So I was now being introduced to new music on phonograph records and in person. The one place I was not meeting this kind of music in Portland, Oregon was on the radio. AM radio continued to play 2 1/2 minute songs. Occasionally they would play 2 1/2 minutes of a longer song, but then cut it off. Fortunately, both my brother at college in Ohio and I at college in Massachusetts had been introduced to FM radio. In Cambridge and in Oberlin, the radio to own was this small brown KLH model. Somehow, despite the fact that there was nothing for us to tune into, we convinced our mother to buy one so that she could listen to classical music.
But on Christmas Day, 1968, my brother and I turned on that radio and rejoiced together as station KINK, the underground link, went live. It was the first station in Portland to play the kind of music we had grown accustomed to in college. It played the whole song, not just 2 1/2 minutes of it. Here was the entire “Hey Jude,” not the AM truncated version. Here was the whole baffling “Whiter Shade of Pale.”(As I think about these long songs, I am reminded again that sans drugs I may have been having a less ecstatic experience than some of my friends.)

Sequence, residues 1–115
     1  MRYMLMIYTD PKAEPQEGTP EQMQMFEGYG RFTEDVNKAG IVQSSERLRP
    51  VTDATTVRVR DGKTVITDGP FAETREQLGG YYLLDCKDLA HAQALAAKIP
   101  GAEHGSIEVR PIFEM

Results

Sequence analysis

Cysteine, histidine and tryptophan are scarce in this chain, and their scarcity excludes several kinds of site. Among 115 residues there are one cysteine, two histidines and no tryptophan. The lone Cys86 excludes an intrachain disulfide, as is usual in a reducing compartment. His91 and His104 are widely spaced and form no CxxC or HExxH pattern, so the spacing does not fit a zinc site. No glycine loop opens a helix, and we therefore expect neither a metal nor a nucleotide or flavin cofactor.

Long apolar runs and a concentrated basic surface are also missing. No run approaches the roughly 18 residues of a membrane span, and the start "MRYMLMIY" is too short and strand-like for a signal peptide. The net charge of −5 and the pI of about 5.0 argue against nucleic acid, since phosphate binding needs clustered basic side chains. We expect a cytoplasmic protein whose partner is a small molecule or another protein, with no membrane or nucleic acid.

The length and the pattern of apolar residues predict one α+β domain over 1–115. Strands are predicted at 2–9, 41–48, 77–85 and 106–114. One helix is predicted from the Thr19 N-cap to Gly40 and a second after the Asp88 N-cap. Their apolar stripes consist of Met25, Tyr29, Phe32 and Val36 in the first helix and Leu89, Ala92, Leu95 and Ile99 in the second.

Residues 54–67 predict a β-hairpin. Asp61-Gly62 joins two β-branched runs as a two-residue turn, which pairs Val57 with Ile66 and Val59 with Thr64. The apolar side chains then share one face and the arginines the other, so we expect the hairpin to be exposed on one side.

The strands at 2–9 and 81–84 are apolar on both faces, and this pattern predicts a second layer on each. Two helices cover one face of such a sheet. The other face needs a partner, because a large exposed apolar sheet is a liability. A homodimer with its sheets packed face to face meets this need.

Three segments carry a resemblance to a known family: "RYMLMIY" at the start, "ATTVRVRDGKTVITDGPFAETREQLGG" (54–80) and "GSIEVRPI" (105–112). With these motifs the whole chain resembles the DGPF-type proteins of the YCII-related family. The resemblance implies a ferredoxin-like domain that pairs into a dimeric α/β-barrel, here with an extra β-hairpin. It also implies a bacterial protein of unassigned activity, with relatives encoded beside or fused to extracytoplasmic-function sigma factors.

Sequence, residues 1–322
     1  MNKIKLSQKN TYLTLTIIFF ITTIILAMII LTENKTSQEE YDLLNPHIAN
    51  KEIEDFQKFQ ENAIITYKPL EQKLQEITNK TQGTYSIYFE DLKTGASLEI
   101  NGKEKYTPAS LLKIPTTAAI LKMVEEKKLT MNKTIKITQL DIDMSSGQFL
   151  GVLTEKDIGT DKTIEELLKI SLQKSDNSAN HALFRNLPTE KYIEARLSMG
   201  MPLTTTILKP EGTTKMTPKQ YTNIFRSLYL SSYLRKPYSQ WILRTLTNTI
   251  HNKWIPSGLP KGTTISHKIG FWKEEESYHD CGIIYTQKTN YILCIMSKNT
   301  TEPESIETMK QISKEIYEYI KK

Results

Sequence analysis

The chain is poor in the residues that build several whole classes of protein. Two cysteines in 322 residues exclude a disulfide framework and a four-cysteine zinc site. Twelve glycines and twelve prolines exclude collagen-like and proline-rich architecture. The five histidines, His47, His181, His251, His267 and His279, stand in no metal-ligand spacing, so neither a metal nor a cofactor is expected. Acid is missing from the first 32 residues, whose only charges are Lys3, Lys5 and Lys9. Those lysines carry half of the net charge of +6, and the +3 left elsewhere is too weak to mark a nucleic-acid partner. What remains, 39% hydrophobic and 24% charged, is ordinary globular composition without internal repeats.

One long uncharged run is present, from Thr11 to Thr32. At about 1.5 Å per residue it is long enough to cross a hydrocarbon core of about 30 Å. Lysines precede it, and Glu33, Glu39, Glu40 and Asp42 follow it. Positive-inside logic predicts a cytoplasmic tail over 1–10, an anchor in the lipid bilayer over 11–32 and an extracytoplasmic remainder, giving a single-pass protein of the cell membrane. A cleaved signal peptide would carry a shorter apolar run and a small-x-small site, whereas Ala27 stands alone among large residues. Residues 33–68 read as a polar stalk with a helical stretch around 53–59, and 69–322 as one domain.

Car radio was still limited to AM, and most radios still had only an AM band. Even the KLH only tuned in FM, so we needed two radios in the house for other purposes. Still, we felt that Portland had begun to come of age. Hard as it is for the current enormous population of hipsters in Portland today to believe, Portland in 1968 was very much in the music backwater, along with the restaurant backwater and the movie theater backwater. It was still a hamburger and drive-in theater town. But at least we finally had “an underground link.”